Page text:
Everything You Need to Know About Figs

updated Jun 9, 2019
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Luscious sweet figs are among the oldest cultivated fruits, prized for their honeyed flavor and soft, jammy texture. But did you know that figs are technically not fruits but inverted flowers, some of which are pollinated by wasps in an amazing symbiotic relationship?

While fresh figs are available twice a year, each season is short. Here are some tips to help you savor them fully!

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Season: There Are Two!

There are two fig seasons a year – a smaller harvest in early summer and a larger harvest in late summer to early fall. Figs harvested in the second season have thicker skins but have a more concentrated sweetness.

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Although there are hundreds of


  • Black Mission: Dark purple or almost black in color, Mission figs are moist and full-flavored. These are also the ones that are commonly dried.
  • Brown Turkey: Sometimes labeled Purple Turkey, these figs are milder and less sweet in flavor. They also have fewer seeds and are brownish-purple in color.
  • Calimyrna: Light green in color and larger in size, Calimyrnas have a nutty taste and are also often dried.
  • Kadota: This common fig is yellowish-green in color and the flesh is especially smooth and silky but not as sweet as other figs.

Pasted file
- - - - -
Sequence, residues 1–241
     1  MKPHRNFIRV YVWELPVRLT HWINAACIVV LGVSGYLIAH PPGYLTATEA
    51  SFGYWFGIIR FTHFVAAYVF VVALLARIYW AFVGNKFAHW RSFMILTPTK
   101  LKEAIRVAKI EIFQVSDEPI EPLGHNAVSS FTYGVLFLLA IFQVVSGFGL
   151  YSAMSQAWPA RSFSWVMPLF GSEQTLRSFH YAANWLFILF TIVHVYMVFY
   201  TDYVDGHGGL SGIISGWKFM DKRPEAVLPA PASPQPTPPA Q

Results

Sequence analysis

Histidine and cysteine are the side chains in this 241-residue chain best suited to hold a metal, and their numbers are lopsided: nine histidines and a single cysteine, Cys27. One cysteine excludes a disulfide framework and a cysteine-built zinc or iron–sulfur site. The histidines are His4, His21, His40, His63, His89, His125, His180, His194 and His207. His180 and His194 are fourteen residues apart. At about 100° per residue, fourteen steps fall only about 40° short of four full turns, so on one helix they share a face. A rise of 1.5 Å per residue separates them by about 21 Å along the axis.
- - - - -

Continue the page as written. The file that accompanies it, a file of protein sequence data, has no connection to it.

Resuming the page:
• Adriatic: Sometimes also labeled “white figs” or “candy-striped figs,” these extra-sweet figs are pale green or pale yellow and pink or bright red inside.

How to Select

Choose soft, plump fruits with intact, bent stems. Minor bruises or tears are usually harmless, but avoid buying dry, cracked figs.

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How to Store

Once picked, figs have a short shelf life and should be eaten within a few days. Store these perishable fruits in a single layer on a plate or shallow bowl in the refrigerator or a very cool place and eat within a few days. Although figs do not continue to ripen off the tree, firm ones may soften if left at room temperature for a day or two.

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How to Prepare

Handle figs with care; rinse them with a little cool water and gently wipe dry. Figs may be eaten skin and all and are delicious raw, baked, broiled, caramelized, or roasted. They may also be


More on Figs

Updated from a post originally published in October 2011.